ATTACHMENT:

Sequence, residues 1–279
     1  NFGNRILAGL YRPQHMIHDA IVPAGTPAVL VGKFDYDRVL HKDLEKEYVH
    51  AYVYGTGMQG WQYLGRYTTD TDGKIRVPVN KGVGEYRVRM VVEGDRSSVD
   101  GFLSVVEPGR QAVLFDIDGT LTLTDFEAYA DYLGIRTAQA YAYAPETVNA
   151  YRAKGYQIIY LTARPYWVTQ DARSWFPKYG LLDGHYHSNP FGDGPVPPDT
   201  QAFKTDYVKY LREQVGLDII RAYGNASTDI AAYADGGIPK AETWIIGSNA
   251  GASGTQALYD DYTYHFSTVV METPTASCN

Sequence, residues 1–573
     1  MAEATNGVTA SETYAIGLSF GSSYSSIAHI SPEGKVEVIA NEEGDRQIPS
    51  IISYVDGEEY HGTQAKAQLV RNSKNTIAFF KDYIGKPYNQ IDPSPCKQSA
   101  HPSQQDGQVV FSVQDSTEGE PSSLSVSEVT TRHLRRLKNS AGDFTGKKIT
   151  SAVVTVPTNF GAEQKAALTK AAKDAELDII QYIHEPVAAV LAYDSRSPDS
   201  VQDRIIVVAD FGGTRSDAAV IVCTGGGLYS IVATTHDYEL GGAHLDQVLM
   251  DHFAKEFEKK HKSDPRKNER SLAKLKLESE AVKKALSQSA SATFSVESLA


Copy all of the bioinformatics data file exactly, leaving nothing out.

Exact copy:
Sequence, residues 1–279
     1  NFGNRILAGL YRPQHMIHDA IVPAGTPAVL VGKFDYDRVL HKDLEKEYVH
    51  AYVYGTGMQG WQYLGRYTTD TDGKIRVPVN KGVGEYRVRM VVEGDRSSVD
   101  GFLSVVEPGR QAVLFDIDGT LTLTDFEAYA DYLGIRTAQA YAYAPETVNA
   151  YRAKGYQIIY LTARPYWVTQ DARSWFPKYG LLDGHYHSNP FGDGPVPPDT
   201  QAFKTDYVKY LREQVGLDII RAYGNASTDI AAYADGGIPK AETWIIGSNA
   251  GASGTQALYD DYTYHFSTVV METPTASCN

Sequence, residues 1–573
     1  MAEATNGVTA SETYAIGLSF GSSYSSIAHI SPEGKVEVIA NEEGDRQIPS
    51  IISYVDGEEY HGTQAKAQLV RNSKNTIAFF KDYIGKPYNQ IDPSPCKQSA
   101  HPSQQDGQVV FSVQDSTEGE PSSLSVSEVT TRHLRRLKNS AGDFTGKKIT
   151  SAVVTVPTNF GAEQKAALTK AAKDAELDII QYIHEPVAAV LAYDSRSPDS
   201  VQDRIIVVAD FGGTRSDAAV IVCTGGGLYS IVATTHDYEL GGAHLDQVLM
   251  DHFAKEFEKK HKSDPRKNER SLAKLKLESE AVKKALSQSA SATFSVESLA